Aikman throws out first pitch
SAN DIEGO -- Twenty-five years after drawing interest from the New York Mets coming out of high school, Hall of Fame quarterback Troy Aikman is dabbling in baseball again.
This time it's as a part-owner of the San Diego Padres.
Wearing a Padres jersey with his familiar No. 8, the former Dallas Cowboys star threw out the ceremonial first pitch before Thursday's game against the Houston Astros. He bounced it in the dirt just in front of right-hander Chris Young, a Dallas native.
Aikman is an investor in the group headed by Jeff Moorad that has bought 35 percent of the Padres from John Moores and has five years to buy the rest. Moorad used to be partners with Aikman's agent, Leigh Steinberg.
"I've known Troy a long time, and I don't care what he says, but I guarantee he wasn't happy with the one bounce," Moorad said.
"I was hoping you'd miss it," Aikman cracked to reporters.
Growing up in Southern California, Aikman played both Little League and Pop Warner but figured baseball would be his main sport.
When he was 12, Aikman's family moved to Oklahoma, "and over the next few years it was pretty clear that football was where the focus was in that part of the country and that was the route I was going to go," he said.
He had already signed a letter of intent to play football at Oklahoma but the Mets expressed an interest in drafting him as a catcher or outfielder during his senior year at Henryetta High, Aikman recalled.
The Mets kept calling and asking him how much money it was going to take for him to skip college and play ball.
"I was aware enough at that age that I wanted to say, years down the road, at 42, 'Yeah, I got drafted by the Mets,'" Aikman said. "And so I kept holding off, holding off, and the night before draft, they called and said, 'Look, we have to know what would it take to come to the Mets. We don't want to waste a pick.'
"I just threw out a figure, I said $200,000, and I had no idea what that really meant," he said. "And I was sure if they said OK, that I'd go. This guy on the other end of the line had this incredulous voice and just said, 'What? Darryl Strawberry doesn't even make $200,000,' and he was the man at the time. I said, 'Well, I'm going to make that if I'm going to go sign with the Mets.' And he said, 'You have a good career at Oklahoma.' That that was kind of the end of it. I didn't go on and have a great career at Oklahoma but I was able to get out of there and got to UCLA as fast as I could."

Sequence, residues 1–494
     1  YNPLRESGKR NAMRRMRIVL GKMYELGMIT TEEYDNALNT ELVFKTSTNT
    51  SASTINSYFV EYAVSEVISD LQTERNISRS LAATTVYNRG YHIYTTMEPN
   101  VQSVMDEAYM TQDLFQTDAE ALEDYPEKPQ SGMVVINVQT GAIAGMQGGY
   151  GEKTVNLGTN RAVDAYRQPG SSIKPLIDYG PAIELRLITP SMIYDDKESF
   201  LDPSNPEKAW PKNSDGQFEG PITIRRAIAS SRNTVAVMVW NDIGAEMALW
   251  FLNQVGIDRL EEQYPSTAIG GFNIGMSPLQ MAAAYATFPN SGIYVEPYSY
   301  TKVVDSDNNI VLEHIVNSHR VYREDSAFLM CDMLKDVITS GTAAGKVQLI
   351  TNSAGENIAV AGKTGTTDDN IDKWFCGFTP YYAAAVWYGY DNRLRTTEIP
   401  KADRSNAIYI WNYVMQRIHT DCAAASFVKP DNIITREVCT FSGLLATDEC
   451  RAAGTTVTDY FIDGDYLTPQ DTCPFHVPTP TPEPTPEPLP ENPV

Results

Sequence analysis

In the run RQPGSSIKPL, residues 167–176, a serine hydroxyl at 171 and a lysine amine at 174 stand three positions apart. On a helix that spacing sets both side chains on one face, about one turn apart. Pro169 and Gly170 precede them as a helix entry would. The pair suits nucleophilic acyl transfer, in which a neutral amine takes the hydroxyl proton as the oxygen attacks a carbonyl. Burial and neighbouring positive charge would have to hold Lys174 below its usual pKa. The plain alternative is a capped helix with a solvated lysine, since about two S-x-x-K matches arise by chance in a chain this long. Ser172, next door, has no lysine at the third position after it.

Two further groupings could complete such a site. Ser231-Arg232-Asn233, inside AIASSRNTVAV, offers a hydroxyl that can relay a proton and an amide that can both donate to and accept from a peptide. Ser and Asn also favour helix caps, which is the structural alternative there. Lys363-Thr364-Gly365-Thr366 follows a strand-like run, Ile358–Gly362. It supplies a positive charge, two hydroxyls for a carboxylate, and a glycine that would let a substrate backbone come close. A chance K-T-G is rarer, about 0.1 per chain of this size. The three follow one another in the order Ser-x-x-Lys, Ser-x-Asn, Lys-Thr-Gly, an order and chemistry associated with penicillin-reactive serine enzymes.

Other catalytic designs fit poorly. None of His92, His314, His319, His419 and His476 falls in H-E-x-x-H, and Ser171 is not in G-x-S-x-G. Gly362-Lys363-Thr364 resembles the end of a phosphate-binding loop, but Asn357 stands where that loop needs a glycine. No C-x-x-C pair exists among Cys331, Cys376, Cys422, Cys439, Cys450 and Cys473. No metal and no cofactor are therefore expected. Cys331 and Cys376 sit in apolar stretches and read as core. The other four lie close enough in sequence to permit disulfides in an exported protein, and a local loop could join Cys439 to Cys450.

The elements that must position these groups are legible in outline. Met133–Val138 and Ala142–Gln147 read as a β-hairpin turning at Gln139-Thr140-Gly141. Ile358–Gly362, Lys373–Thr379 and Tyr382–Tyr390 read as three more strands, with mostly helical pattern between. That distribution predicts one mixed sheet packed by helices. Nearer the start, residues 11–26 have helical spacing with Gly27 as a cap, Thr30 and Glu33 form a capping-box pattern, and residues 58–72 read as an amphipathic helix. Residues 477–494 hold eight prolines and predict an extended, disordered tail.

Aikman went on to become the No. 1 pick overall in the 1989 NFL draft.
A six-time Pro Bowler, he passed for 32,942 yards and 165 touchdowns during his 12-year NFL career.
Aikman said he's made a "significant" investment in the Padres but declined to give a figure.
The Padres began the day fourth in the NL West, nine games under .500 and 15 games behind the Los Angeles Dodgers.
"I don't want to say it's a work in progress, but I don't think anybody came into this thing without being realistic," he said. "It's going to take some time. As was the case in Arizona, I think everybody feels very confident that good things are about to happen."
He was referring to Moorad's previous stop in Arizona, where he helped turn around the Diamondbacks.
"He's a great partner in any business and I'm thrilled to have him part of the Padres," Moorad said about Aikman. "At the end of the day you can't surround yourself with too many winners."
Copyright 2009 by The Associated Press